The United States Food and Drug Administration (FDA) approved the agent Varubi (rolapitant) to be used to prevent delayed phase chemotherapy-induced nausea and vomiting (emesis).
Chemotherapy-induced nausea and vomiting (CINV) is a common side effect of treatment with chemotherapy among cancer patients. It can become a serious side effect in that it can cause dehydration, electrolyte imbalance, weight loss, malnutrition, hospitalization, and result in a decrease or reduction in optimal treatment regimens.
CINV can occur either immediately following treatment (acute CINV), or it can occur within 24-120 hours of treatment (delayed CINV). Varubi (rolapitant) is an agent that was approved, to be used in combination with other antiemetic agents, to prevent delayed phase CINV associated with initial and repeat courses of chemotherapy that have a high rate of causing vomiting.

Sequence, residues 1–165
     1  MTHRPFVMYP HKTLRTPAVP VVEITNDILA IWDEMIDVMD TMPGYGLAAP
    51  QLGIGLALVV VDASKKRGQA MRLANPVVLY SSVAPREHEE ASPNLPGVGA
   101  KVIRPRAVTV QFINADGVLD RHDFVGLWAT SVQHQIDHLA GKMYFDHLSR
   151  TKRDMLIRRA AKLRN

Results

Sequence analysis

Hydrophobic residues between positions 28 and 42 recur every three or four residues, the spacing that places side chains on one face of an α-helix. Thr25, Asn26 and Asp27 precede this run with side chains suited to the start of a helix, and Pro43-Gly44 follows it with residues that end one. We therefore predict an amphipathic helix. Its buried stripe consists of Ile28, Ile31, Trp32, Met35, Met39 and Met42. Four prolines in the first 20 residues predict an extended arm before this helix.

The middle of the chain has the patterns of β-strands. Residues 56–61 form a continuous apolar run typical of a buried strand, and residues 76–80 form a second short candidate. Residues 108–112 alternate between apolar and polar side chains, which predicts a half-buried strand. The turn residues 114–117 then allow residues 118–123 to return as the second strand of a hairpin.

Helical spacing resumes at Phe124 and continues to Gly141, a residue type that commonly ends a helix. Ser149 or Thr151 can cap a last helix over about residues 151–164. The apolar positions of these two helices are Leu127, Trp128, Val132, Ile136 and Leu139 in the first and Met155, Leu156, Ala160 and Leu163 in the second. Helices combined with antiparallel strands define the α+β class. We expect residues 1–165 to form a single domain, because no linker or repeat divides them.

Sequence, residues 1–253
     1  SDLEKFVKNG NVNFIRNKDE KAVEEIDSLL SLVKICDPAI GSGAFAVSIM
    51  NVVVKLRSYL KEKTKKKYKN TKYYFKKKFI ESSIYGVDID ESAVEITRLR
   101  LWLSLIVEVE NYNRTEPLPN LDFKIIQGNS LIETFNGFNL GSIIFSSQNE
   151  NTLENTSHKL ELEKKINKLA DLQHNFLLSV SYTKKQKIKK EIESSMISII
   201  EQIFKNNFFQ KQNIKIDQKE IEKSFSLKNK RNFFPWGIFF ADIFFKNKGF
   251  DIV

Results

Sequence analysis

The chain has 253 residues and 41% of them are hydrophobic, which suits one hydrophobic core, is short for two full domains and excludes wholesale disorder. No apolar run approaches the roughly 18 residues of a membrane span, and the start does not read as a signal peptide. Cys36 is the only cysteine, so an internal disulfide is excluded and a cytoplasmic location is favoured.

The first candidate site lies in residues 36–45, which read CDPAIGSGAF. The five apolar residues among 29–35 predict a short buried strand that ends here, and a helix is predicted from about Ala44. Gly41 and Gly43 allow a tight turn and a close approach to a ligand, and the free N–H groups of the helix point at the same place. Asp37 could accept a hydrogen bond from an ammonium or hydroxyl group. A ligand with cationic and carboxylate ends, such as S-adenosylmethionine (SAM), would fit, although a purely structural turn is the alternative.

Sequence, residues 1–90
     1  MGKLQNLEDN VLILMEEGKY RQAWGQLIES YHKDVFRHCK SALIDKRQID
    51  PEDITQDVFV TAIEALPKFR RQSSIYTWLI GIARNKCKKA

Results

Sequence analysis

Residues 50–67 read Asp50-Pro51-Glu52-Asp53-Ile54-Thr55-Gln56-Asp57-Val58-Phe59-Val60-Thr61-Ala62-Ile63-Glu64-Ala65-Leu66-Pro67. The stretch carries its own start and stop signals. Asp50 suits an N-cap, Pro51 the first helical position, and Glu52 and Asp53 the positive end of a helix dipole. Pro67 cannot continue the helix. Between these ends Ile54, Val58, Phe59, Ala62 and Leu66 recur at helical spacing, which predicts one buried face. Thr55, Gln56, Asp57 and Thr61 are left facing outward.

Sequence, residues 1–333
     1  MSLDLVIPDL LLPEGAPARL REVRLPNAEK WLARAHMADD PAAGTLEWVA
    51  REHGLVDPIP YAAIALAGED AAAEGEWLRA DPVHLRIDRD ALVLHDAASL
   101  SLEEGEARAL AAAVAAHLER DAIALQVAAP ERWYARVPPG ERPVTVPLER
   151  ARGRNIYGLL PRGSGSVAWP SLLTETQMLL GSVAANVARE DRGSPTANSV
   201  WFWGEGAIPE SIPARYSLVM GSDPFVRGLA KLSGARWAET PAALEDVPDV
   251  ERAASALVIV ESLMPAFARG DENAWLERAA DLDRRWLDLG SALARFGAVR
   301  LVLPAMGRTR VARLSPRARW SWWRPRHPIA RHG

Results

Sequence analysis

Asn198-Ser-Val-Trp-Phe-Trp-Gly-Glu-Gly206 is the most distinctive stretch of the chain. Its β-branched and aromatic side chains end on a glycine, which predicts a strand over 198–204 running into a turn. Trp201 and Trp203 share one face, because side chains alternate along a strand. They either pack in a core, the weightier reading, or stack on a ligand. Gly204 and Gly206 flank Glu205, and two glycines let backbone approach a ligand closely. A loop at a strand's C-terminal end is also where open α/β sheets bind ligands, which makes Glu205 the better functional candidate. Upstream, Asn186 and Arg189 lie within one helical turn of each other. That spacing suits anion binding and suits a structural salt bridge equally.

Varubi blocks substance P/neurokinin-1 (NK-1), which plays a role in the body that causes nausea and vomiting.
Varubi was tested in three clinical trials including approximately 2,800 patients who were treated with chemotherapy that had a high and moderate risk of causing nausea and vomiting. Patients were divided into two groups: one group received Varubi in addition to standard therapy to reduce CINV including granisetron and dexamethasone, compared to placebo plus granisetron and dexamethasone.
Overall, patients who received treatment with the addition of Varubi to granisetron and dexamethasone had a reduction of vomiting in the delayed-phase of CINV and a reduction in the use of rescue medication used to reduce delayed-phase CINV.
With the approval of Varubi, there is now another agent that aids to reduce CINV in cancer patients.
Reference: U.S FDA. FDA approves new drug treatment for nausea and vomiting from chemotherapy. Available at: http://www.fda.gov/NewsEvents/Newsroom/PressAnnouncements/ucm460838.htm. Accessed September 2, 2015.
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